The keynote speaker was Israel Charny, the executive director of the Institute on the Holocaust and Genocide. The event also included a religious service led by all denominations of the Armenian community, a flag ceremony performed by the Homenetmen and the Armenian General Benevolent Union scouts and the placement of wreaths by various organizations.
ULTCW represents over 16,000 Armenian-American long-term caregivers throughout the state of California; many of who attended ceremonies and marches on this day.
The Los Angeles based publication, the Wave, recently went to a ULTCW member, Cynthia Villareal’s, home to discuss what being a caregiver really means. An excerpt from the article is below:
WHITTIER — Cynthia Villarreal follows the daily routine of many mothers — up about 6:30 a.m. to bath, dress and feed her daughter and see that her needs are taken care of for the day. But a big difference is that Elizabeth Villarreal is 21, is mentally disabled and has autism.
“She has the mind of a 2-year-old,” said Cynthia Villarreal, who has been a full-time caregiver to her daughter for more than 20 years.
Her daughter attends a day care program until 2:30 p.m. weekdays at Sierra High School in the Whittier Union High School District. Upon her arrival home, it’s time for cleanup and dinner and an evening of watching TV.
“She demands attention all the time,” Villarreal noted.
Read the whole article at: http://wavenewspapers.com/news/local/east_edition/article_e05053d8-8fd5-11e1-8cc4-001a4bcf6878.html
In a recent article by Gary Passmore, vice president of the Congress of California Seniors, he outlines the problem with the current IHSS system and the solution currently being proposed through the Let’s Get Healthy at Home legislation. Mr. Passmore also explains why the Congress of California Seniors is standing behind this legislation.
That’s why the Congress of California Seniors has joined with Senate President Pro Tem Darrell Steinberg, Assembly Speaker John A. Pérez and representatives of In-Home Supportive Services (IHSS) consumers and providers from across the state to strengthen the role home care plays in the health care experience for seniors and people with disabilities. Our plan keeps seniors and people with disabilities healthier, protects their independence and drives down costs.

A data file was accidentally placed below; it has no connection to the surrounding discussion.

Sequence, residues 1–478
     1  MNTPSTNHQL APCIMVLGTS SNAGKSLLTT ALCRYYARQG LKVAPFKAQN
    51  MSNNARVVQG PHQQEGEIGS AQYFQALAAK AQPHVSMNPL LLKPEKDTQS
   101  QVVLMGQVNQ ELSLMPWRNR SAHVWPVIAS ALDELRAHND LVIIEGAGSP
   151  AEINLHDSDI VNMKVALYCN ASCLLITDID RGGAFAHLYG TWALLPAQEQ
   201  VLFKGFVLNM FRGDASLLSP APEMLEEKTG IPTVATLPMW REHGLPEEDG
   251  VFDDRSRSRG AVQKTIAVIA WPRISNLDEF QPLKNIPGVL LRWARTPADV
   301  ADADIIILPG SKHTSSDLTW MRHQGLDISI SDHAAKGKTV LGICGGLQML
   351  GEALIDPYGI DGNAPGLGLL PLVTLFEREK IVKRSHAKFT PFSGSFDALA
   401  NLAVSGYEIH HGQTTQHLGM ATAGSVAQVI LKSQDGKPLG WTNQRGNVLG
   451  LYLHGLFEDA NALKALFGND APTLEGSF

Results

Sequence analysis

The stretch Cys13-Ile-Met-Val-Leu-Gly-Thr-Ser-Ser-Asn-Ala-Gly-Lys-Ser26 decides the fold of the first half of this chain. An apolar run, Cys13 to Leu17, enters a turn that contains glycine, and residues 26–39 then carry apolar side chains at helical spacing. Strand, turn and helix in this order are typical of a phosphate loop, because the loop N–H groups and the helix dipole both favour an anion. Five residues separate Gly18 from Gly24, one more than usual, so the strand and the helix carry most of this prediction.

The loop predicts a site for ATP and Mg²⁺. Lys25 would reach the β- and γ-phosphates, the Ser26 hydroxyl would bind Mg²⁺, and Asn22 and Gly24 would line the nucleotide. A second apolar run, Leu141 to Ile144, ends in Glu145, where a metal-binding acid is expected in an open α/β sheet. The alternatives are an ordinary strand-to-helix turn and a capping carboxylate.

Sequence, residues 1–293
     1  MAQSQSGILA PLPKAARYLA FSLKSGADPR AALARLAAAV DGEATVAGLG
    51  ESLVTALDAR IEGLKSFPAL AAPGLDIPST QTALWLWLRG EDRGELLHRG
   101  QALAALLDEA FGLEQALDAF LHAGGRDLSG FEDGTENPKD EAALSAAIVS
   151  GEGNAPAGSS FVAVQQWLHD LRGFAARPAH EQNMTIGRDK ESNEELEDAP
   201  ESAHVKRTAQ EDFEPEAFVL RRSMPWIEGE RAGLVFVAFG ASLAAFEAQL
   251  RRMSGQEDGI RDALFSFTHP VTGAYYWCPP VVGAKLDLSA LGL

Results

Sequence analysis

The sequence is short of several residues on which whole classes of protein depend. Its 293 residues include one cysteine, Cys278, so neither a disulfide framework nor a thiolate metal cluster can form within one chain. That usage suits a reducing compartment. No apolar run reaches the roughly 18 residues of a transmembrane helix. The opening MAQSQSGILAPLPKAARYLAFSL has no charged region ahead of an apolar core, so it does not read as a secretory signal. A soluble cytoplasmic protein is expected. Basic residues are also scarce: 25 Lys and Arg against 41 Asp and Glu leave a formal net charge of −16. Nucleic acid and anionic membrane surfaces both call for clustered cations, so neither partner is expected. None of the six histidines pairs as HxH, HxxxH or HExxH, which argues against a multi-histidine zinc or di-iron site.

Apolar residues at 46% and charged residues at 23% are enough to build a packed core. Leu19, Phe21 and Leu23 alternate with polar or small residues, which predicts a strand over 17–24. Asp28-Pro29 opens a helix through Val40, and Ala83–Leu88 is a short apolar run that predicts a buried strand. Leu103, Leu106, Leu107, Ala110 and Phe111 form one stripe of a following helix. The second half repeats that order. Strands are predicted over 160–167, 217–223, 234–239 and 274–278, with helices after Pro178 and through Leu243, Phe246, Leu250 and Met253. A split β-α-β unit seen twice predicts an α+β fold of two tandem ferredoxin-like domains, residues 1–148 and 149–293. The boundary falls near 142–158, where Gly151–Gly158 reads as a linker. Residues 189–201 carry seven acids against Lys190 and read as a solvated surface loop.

California’s low-income seniors and people with disabilities rely on a fragmented system of medical care and long-term care services. These systems don’t talk to each other, much less work together to support our goals of living healthy at home.
Further, the current system is not structured to prioritize quality health outcomes. Since Medicare and Medi-Cal payments to medical providers are based on specific services performed in doctors’ offices and hospitals, providers do not have an incentive to keep patients healthy at home rather than in an expensive hospital or nursing home. Given the growing population of seniors and stark budget realities, a system with this kind of built-in bias is not sustainable.
California’s low-income seniors need an integrated system that shifts financial incentives in favor of long-term care that is focused on prevention and wellness, so we stay healthier and require fewer costly medical interventions and reduced hospital and nursing home stays. As the population of IHSS recipients is expected to double over the next 10 years to more than 800,000, we can confront these choices now or wait to have them forced upon us.
Read the whole article at: http://www.californiaprogressreport.com/site/coordinated-care-key-saving-health-care-seniors
2011 was a challenging year as over 90 percent of SEIU ULTCW’s Nursing Home members began contract negotiations. In today’s tough economy we faced uphill battles against our employers’ efforts to cut benefits and rollback many of the gains won in previous agreements. Employers tried to play hardball at the bargaining table but ULTCW members stayed united and took action by picketing, moving petitions, and organizing delegations and sticker-ups.